It is hoped that this will enhance information sharing between various agencies, especially in regards to counter-terrorism activities. Importantly, NATGRID’s mandate includes 11 central agencies and police in all states and federal territories. This helps improve coordination between states and central agencies. This was probably missing during the 26/11 attack.

chaos without coordination

As mentioned above, once the LeT terrorists unleashed mayhem, there were multiple forces on the ground trying to neutralize the threat. However, the lack of interagency coordination allowed the terrorists to carry out their plans without difficulty. Their intention was to attack places with mixed crowds of Indians and foreigners, as evidenced by the targets at Nariman House, Oberoi Trident, and Leopold Cafe. In an unfamiliar city and with a team of only 10 people, they were able to reach their goal.

In fact, it can be argued that the terrorists were better coordinated despite being in different locations within the city. reportedly helped to better assess countermeasures from the Indian side.

This made clear the need to provide a better Coordination between various security forces Also with the civil sector of society such as the media. However, such adjustments will be made if all the necessary forces are on the ground without wasting time.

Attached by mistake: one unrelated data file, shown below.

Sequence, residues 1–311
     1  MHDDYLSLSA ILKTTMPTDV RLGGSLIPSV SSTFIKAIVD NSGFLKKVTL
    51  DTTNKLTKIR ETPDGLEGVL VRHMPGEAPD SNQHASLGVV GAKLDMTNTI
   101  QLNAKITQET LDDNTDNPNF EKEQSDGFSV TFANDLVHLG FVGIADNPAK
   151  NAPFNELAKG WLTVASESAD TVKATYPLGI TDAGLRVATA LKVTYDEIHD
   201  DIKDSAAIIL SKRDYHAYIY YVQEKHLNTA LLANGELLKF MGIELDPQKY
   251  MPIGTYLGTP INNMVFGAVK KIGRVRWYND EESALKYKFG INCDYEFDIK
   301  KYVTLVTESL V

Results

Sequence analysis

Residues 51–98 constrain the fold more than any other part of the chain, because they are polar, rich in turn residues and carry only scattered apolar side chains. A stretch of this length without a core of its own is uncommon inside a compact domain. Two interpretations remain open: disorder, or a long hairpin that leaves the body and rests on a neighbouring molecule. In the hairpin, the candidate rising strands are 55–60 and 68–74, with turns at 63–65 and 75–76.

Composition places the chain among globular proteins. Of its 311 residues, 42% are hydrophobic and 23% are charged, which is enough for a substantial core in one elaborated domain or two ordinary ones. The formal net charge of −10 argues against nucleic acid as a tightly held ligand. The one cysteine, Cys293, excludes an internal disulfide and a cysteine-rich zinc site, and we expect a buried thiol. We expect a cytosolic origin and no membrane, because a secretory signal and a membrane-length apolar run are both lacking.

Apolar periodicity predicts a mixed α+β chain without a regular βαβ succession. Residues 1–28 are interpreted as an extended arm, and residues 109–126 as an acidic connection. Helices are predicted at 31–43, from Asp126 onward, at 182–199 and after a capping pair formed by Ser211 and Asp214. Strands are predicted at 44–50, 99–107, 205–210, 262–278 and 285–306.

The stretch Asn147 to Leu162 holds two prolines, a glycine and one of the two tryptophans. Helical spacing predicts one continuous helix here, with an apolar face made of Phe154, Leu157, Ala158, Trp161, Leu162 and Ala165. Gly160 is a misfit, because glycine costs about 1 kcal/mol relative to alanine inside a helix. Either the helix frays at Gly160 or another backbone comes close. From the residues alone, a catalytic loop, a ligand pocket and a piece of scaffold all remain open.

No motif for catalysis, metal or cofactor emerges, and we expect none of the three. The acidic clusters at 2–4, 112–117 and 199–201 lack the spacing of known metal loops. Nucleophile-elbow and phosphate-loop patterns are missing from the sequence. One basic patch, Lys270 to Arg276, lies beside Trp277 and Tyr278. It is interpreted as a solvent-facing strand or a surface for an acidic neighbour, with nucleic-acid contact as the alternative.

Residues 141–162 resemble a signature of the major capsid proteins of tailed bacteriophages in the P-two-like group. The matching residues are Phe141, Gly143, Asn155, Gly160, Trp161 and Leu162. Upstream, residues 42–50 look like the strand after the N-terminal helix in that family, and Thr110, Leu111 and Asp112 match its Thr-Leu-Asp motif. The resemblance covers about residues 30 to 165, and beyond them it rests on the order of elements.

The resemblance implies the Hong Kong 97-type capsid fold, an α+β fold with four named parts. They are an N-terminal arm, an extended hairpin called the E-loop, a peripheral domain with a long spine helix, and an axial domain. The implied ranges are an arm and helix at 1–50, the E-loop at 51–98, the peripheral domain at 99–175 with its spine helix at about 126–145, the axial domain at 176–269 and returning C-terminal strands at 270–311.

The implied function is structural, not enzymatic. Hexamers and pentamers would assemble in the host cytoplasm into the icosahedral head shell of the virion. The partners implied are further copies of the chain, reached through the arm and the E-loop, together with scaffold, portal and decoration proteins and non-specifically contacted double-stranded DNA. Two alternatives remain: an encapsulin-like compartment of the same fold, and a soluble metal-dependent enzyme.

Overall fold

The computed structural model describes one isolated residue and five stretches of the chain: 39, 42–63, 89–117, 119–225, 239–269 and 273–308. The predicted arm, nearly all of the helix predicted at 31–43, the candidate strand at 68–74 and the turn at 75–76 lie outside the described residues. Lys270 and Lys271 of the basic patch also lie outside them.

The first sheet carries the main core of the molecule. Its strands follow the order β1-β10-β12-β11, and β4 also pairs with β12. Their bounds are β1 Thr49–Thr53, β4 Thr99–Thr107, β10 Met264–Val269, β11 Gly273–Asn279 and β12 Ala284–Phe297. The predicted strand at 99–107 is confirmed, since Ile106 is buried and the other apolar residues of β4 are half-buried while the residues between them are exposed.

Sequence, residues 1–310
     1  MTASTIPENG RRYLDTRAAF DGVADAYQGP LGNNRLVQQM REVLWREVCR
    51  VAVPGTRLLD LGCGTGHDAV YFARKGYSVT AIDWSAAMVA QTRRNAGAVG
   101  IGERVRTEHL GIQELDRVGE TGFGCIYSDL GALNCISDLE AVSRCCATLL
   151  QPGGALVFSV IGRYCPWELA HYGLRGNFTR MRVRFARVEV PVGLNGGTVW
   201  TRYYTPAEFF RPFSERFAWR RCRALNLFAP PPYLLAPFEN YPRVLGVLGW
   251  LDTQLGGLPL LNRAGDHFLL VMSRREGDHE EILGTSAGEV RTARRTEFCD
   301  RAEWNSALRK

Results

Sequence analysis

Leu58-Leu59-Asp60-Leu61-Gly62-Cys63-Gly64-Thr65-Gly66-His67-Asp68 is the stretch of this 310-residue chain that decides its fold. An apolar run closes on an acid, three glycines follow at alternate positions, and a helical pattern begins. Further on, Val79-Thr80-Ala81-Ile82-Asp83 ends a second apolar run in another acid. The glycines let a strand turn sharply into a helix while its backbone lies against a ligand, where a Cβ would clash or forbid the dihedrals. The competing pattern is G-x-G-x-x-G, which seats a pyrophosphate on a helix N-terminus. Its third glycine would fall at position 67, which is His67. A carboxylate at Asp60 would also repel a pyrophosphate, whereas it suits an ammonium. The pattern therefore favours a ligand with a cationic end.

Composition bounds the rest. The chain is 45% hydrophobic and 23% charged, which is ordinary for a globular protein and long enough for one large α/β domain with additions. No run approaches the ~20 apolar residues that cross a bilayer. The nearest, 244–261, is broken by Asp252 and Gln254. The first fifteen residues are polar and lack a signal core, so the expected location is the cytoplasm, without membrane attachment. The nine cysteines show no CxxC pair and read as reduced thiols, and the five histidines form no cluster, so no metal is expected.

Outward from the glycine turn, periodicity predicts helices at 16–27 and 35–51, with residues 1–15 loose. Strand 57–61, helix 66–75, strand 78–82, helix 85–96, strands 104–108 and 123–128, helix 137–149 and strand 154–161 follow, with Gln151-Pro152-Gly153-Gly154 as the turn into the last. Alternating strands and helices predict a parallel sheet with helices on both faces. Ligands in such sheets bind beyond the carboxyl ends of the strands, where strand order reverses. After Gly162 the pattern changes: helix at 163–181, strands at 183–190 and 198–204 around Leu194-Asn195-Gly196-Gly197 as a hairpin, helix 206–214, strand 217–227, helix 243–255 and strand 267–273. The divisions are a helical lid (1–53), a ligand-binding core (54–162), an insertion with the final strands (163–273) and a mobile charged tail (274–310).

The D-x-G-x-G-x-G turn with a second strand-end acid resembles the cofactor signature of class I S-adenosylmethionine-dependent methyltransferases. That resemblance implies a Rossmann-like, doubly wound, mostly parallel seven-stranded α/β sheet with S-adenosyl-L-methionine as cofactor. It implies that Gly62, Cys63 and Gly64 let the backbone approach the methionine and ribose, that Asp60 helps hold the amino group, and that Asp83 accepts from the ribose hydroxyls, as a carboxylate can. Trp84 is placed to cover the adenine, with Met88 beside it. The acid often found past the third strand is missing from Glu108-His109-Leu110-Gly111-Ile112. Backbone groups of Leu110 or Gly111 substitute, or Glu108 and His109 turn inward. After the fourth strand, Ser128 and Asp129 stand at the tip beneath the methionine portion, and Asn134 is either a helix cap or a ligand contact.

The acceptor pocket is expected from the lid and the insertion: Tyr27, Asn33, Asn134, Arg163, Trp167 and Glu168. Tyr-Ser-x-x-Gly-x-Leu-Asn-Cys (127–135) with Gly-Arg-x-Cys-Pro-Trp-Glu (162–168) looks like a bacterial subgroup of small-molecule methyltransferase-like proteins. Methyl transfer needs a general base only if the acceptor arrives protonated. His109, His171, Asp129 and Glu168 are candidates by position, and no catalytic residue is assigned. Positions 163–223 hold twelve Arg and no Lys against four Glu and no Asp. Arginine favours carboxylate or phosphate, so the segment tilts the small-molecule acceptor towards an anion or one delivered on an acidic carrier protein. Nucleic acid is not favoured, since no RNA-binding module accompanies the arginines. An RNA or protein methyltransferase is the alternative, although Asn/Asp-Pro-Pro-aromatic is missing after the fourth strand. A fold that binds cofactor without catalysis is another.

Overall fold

Deployment delay

In retrospect, it is quite heartbreaking that it took more than 10 hours for NSG special forces to deploy after witnessing the conflict. These special forces played a very important role in the final hostage rescue and terrorist killing. Had NSG forces been able to arrive earlier, casualty numbers and overall damage could have been greatly reduced.

NSG special forces surrender from a helicopter to Nariman House during the attack on 26/11 Satishbait/The Hindustan Times via Getty Images

Should a similar threat arise in the future, it is imperative that the Federal Interior Office’s elite counter-terrorism unit, the NSG, be deployed early. 5 in this direction New NSG Hub Established in Kolkata, Mumbai, Hyderabad, Chennai and Ahmedabad. These hubs ensure geographical division of responsibilities and fast response times.

beyond the horizon

The 26/11 terrorist attacks were arguably a dark moment in independent India’s history. It is currently impossible to predict whether such an attack will be planned against India again.

To this end, India has taken several important steps. Effective collection and dissemination of information, enhanced coordination and rapid response when necessary will undoubtedly put India on track to becoming a safe country free from indoctrinated prejudices. prize.